How We Write: NANOWRIMO and how we DON’T write!

I have a concern every November that the sheer quantity of words everyone participating in NANO produces won’t result in finished pieces/novels that will ever be revised well enough to sell. But what cheers my heart every year is the sound of writers hitting their writing goals and learning a little more about what’s blocking them.

Writers Block Calvin and Hobbs

Because, here’s the thing. All writers arrive at this dream of creating and sharing our inner lives with the world, capable of absolutely shutting down our ability to write with nothing more than doubt and fear and frustration over how EASY it is for everyone else to do what is most difficult for us. When the reality is, IT’S DIFFICULT FOR EVERYONE.

Part of our job is learning how to write through the speed bumps of our inspiration and self-esteem and premonitions of failure. We have to believe in ourselves more than we do the growing pile of scenes and character sketches and rejected story lines that we ALL discard with every project.

writers block trashcan

This is called research and draft writing and immersing yourself in your project. It’s a good sign, that you have something to throw away. That you’ve produced SOMETHING, anything, that shows you a new step to take and another idea to flesh out and a tangent you’ve already investigated and rejected that you don’t have to spend any more time on.

Deciding WHAT NOT TO WRITE is just as important as writing forward in your draft. Learning that you can stop one idea and start on another without losing momentum is key to being a productive creative writer. Teaching yourself how to write your way out of the roadblocks and blind turns and dead-end corners of your process is what NANO is all about–not merely the sheer number of words you can type or write onto a page in 30 days.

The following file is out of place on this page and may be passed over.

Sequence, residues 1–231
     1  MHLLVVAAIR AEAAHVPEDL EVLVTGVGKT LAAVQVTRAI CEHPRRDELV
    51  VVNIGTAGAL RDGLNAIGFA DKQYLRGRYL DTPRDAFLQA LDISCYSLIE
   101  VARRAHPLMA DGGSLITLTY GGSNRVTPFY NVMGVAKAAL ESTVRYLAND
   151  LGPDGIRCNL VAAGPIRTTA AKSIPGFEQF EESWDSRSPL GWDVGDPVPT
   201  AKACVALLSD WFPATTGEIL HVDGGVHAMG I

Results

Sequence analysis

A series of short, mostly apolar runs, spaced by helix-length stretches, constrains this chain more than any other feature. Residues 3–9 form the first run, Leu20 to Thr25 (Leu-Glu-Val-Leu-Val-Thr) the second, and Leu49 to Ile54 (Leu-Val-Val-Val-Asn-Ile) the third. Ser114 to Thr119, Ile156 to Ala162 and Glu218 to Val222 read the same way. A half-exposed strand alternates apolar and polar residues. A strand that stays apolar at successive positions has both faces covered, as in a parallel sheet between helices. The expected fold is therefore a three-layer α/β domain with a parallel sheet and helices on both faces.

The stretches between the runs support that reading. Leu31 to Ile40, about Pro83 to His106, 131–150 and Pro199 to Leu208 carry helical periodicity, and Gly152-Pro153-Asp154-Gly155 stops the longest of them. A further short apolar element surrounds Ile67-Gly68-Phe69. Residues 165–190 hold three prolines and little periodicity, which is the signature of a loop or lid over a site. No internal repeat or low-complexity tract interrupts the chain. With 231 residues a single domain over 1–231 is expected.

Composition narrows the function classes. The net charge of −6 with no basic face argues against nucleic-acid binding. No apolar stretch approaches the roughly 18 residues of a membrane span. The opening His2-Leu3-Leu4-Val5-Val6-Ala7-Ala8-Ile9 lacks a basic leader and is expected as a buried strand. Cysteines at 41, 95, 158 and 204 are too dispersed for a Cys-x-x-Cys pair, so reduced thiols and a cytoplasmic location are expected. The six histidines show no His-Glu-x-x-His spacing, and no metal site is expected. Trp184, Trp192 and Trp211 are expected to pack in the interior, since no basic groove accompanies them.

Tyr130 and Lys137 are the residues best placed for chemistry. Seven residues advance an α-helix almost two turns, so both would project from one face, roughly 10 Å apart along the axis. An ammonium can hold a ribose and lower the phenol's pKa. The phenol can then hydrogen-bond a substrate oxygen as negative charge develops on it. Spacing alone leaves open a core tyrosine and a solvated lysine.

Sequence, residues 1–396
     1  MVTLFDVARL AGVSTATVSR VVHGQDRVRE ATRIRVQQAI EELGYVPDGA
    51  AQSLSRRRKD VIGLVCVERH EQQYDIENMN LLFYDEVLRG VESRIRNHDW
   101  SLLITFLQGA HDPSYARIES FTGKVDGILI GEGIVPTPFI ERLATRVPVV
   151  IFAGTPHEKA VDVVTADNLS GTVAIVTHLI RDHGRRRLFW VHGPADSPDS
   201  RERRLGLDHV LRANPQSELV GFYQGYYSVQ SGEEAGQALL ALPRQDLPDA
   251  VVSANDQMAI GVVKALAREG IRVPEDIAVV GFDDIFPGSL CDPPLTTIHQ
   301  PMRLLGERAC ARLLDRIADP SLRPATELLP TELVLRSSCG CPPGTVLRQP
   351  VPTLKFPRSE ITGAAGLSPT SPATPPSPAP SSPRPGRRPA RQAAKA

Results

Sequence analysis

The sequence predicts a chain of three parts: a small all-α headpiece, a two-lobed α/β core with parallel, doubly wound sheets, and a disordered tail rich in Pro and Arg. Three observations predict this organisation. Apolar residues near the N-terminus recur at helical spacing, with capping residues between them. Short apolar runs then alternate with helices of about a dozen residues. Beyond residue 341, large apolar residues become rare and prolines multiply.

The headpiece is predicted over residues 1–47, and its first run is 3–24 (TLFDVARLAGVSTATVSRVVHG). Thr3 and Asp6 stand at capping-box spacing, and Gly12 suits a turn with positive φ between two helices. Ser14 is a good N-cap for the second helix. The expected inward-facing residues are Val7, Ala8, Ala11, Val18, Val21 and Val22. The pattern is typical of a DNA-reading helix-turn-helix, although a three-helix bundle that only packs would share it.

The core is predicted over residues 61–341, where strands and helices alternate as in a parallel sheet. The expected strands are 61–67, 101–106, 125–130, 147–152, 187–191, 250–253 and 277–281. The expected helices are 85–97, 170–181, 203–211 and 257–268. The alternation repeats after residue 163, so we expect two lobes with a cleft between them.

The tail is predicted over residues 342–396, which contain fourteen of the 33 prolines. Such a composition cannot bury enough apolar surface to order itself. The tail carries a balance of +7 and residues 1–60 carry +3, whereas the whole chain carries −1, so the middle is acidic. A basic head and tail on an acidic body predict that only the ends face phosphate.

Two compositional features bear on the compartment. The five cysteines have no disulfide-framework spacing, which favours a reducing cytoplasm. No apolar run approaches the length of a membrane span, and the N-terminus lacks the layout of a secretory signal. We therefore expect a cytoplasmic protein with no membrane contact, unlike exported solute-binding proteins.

In short, we have to learn not to indulge the wimpy, whiny, needy writer diva inside all of us who would love to lie about and wait for inspiration to strike, rather than writing through the hard times because that’s what’s going to get our story/book completed.

writers block kitten

Goal setting. Confidence building. Tangible results from determined bursts of hard work. These are all amazing benefits of NANO’s annual ritual.

Is 50k the end zone? No, not in my experience, watching this frenzy year after year.

As I said last week, what we need to learn most is how to write beautifully, with inspiration beyond how many nouns and verbs, etc. we’ve strung together in a day/week/month. To do that, we must research and plan, live and absorb the world around us, then revise and rewrite and carve out story within story within story, until we arrive at the true destination and purpose of each project.

It hurts, when I hear of the projects that get tossed into drawers, never to be returned to again, after the chaos of NANO subsides and writers are faced with thousands of words they don’t feel they have the skill to finesse into something readable. I hope for these creative minds that they spend the next year learning the craft that will make their next rough drafts better, and help them rework and revise and rewrite the result of their next dash to the NANO finish line.

Alas, too few seem to.

But writers must also cultivate discipline and determination and belief that we can write when we set our minds to it, no matter how difficult the timing or obstacles might be. We must recognize what keeps us from writing and conquer that most of all, or the rest is moot. And for that reason alone, NANO is an exercise every writer should experience at least once.

Best of luck with your November. I hope it yields beautiful, challenging, exciting hours of writing that you’ll continue into this year’s December and beyond.

Write on!

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One Response to “How We Write: NANOWRIMO and how we DON’T write!”

  1. awww the cute kitty picture distracted me for a while there hehe
    Excellent post; it always impresses me how dedicated and goal oriented writers are. Writers who want to stick with it have to be tenacious. It’s all apart of the job :)

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